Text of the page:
>"They [CompuServe] seem to think that GIF is the greatest thing since free online magazines."

"The announcement by CompuServe and Unisys that users of the GIF image format must register by January 10 and pay a royalty or face lawsuits for their past usage, is the online communications community's equivalent of the sneak attack at Pearl Harbor."

What the hell did I just read? you might be asking yourself. I did too, after discovering this early internet controversy while surfing the web. GIF, if it even needs to be introduced, is an image format released in 1987. If you need more info, Wikipedia has an excellent article. Being so old and a pretty decent image format for the poor Internet speeds at the time, it was quite popular on the web. Used from webcomics to buttons, the image format was nearly universal on the Internet (as it kinda still is). So, who are those other two names, Unisys and CompuServe?


CompuServe plays a surprisingly small role in this controversy than you might expect from the huge backlash they had. CompuServe had a team that worked on GIF led by Steve Wilhite and released it in 1987. Part of the GIF specification at the time was the use of the LZW (Lempel-Ziv-Welch) data compression algorithm that provided losslessness and surprisingly good (for the time) file sizes. What CompuServe was unaware of (this is disputed, read the first link in the Links section) was that LZW had a software patent that extended to 2004. Who held this patent? Well...


Unisys is one of those companies that most people don't know about but are actually quite big, especially back in the 80's. The algorithm "they" patented is U.S. Patent 4021782 which is one of two patents of the algorithm (Wikipedia helps here). Patent stuff really annoys me so I'm just going to stop talking about it. So, having this patent, Unisys wants to cash in. They "decide" (please read the first article in the Links section, it's very good) on getting a royalty payment from all software developers using LZW compression. Users on the internet, as users do, confuse this and say that Unisys is asking for ANYONE who uses GIF to pay licensing fees. This is not the case, no server administrator or GIF uploader ever needed to pay licensing fees, only developers of software using LZW. A bit of a nothingburger.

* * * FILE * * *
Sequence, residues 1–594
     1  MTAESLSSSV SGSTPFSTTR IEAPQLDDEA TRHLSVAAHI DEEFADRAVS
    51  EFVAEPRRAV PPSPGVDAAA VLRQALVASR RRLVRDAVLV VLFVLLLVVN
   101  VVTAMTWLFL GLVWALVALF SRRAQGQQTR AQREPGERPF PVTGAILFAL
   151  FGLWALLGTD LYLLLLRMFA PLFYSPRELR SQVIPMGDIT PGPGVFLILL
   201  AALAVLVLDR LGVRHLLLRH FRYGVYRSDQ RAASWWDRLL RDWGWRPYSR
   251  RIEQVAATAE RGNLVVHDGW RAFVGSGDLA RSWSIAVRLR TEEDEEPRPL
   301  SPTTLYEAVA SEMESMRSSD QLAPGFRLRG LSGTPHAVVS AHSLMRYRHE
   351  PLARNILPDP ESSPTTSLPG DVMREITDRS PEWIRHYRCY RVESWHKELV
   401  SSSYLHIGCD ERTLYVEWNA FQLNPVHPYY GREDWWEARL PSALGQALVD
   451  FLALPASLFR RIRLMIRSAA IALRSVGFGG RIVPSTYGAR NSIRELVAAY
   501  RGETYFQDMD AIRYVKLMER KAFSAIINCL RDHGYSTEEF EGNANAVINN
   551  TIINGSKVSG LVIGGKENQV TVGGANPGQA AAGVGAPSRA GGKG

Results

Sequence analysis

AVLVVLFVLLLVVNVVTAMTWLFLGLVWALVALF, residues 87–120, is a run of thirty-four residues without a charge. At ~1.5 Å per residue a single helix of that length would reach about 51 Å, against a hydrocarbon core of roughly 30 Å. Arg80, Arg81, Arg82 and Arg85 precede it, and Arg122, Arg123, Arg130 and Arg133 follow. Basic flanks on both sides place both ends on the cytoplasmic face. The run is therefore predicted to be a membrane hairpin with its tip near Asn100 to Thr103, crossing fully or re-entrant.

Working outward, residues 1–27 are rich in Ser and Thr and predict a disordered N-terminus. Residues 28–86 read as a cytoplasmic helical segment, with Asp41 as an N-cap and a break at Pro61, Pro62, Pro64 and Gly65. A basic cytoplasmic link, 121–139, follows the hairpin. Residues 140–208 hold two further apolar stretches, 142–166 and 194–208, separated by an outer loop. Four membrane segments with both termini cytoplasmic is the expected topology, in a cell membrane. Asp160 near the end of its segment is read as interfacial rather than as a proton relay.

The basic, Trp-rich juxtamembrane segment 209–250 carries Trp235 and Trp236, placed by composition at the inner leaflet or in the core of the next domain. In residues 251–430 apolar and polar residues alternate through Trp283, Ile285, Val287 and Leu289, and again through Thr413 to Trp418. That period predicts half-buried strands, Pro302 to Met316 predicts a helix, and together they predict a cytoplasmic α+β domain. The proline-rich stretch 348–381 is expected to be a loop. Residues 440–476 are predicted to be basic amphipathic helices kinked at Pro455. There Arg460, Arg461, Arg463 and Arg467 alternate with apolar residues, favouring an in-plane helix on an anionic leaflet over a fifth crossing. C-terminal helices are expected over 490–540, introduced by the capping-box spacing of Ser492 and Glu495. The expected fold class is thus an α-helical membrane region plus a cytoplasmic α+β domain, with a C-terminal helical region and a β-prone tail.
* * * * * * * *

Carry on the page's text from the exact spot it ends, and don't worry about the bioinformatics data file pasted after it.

Should you burn all GIFs?

While I do really like the design of APNGs, GIFs are very ubiquitous and easy to implement (they were created in the 80's for god's sake). Since they are easy to implement they enjoy quite a lot of support throughout the browser space. So, if you had to go for one I'd pick GIF, especially since relative patents have expired.

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